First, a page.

During the initial awakening shift in my teens, everything was very clearly the divine (the label I put on it then). If a contraction came up – a belief, hangup, emotional issue – that too was recognized as the divine, the divine taking that particular form.
That shifted how I, as this field, related to it. And, in a sense, it allowed the contraction to notice itself as the divine, to unwind and to relax into and as it.
It’s very simple and natural. This happened long before I found books about spirituality or started any formal spiritual practice. It was the naive approach of the novice.
Some years later, I did get into spiritual practice. Tai chi and chigong were completely compatible with this, as was prayer (Christ meditation and heart prayer), and basic meditation. As time went on, I got more into different traditions and practices, and it all got more complex and complicated.
I lost trust in the initial naive, simple, and natural approach I had found early on in the awakening. None of the teachers or traditions seemed to speak about this very simple approach, and they instead said I should do all sorts of more complex practices, apparently often aimed at people operating more from separation consciousness.
I felt I lost my way, in a sense, and remember talking about it with friends. At the same time, I wanted to trust these teachers and that they knew what they were talking about.
My “mistake” in it all was to not trust what worked for me, and what seemed to obvious and so simple.
Of course, I learned a lot from all these practices. I got to investigate some of the dynamics of the mind more in detail. And I got to see that one of my hangups is to not trust myself, and instead just do what teachers and traditions say even if it doesn’t always make much sense to me. (And often still don’t, seen with the benefit of hindsight. It often seems as if they applied remedies and medicines without first checking that they are appropriate for the person and where they are in the process.)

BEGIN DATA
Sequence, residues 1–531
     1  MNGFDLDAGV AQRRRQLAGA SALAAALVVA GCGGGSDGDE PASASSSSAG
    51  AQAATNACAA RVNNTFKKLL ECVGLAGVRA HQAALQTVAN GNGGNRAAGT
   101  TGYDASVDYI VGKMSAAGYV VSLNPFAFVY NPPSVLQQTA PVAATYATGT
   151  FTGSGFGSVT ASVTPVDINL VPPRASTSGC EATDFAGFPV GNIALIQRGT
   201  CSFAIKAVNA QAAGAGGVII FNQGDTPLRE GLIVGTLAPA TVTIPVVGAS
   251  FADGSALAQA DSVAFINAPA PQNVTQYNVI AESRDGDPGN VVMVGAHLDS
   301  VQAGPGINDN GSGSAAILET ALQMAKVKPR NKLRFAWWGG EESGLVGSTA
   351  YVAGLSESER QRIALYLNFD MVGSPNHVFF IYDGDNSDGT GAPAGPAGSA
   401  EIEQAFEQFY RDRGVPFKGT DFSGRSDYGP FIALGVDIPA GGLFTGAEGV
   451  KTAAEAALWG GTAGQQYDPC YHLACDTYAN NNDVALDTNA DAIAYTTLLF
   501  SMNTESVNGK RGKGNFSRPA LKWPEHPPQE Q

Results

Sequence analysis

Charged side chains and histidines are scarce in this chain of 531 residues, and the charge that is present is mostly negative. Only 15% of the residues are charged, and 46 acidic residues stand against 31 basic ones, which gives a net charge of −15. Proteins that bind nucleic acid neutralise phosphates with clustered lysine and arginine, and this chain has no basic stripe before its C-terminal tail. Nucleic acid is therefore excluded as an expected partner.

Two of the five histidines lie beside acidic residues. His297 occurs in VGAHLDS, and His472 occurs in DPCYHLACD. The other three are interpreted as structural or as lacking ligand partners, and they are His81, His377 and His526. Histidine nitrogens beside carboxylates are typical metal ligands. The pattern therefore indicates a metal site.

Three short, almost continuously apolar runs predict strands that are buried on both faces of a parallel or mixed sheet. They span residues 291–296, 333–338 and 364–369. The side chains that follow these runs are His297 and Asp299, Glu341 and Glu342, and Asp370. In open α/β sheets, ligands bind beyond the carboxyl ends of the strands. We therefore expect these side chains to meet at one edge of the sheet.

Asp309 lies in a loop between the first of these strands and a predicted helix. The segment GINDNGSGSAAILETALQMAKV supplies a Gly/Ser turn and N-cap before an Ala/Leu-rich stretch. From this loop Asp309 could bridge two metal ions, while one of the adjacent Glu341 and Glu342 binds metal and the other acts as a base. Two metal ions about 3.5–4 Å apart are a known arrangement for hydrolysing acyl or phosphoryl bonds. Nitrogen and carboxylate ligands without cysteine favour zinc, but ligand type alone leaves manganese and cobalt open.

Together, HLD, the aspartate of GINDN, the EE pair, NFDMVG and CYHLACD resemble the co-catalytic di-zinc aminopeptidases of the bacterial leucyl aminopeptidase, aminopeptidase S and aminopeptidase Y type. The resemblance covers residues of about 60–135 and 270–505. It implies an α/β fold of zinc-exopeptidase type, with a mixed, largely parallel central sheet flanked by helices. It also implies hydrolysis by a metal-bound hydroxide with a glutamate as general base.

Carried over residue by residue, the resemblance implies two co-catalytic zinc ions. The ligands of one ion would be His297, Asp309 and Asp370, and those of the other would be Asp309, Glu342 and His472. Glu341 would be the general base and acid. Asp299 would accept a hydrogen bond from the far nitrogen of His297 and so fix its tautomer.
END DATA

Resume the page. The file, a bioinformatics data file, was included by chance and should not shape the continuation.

Now, I seem to find back to the wonderful simplicity of the first years. Back then, the noticing of all as the divine (I mostly use different words now) was unavoidable. The noticing was turned up to 11. These days, it’s still easy to notice although it requires a little more intention.
I notice my nature – as what a thought may label capacity (for my field of experience), oneness, stillness & silence, love, or consciousness, or even the divine.
A contraction comes up, and I “anchor” my attention in the physical sensations of the contractions while being aware of the rest (the mental images and words).
I notice the nature of this contraction and see it’s the same as what I am. (It can’t be anything else since it’s happening within and as what I am.)
I rest with this noticing.
I invite the contraction to notice its own nature. I may even focus this through a simple question: Do you know what you are? Do you know what your nature is? Do you know what you are made of? How is it to notice your nature?
I allow that noticing to clarify, and the contraction to unravel and rest in and as that noticing.
It has a wonderful simplicity. It’s natural, intimate, and has a feeling of essence. It’s what many of the more complex practices seem to circle around.
Why don’t more teachers and traditions talk about this? Some do, of course, and the ones I know about are outside of any tradition. And some essential practices, like basic meditation (notice and allow), do invite and allow this noticing and natural transformation and unwinding. It’s rarely if ever talked about, but it’s what often happens.
In general, spiritual traditions seem more aimed at bringing people from strong separation consciousness to perhaps a little milder version of this, and generally not so much more. And that’s fine, of course. That’s their function, and it is helpful for many.
Note: I know this is not about a feeling. At the same time, when I do this again now and rest in and as it, there is often a sweet feeling. A feeling I remember from this time in my teens and twenties when I did this naturally. When it seemed the most obvious thing to do. (It’s even a bit blissful, although I typically don’t use those words since this is certainly not about bliss.)
Teens, contractions, noticed their nature as my nature, all happening within and as what I am
Later, when started learning about different approaches, nobody talked about it for whatever reason, so I abandoned it
Now, finding back to it, the simplicity of it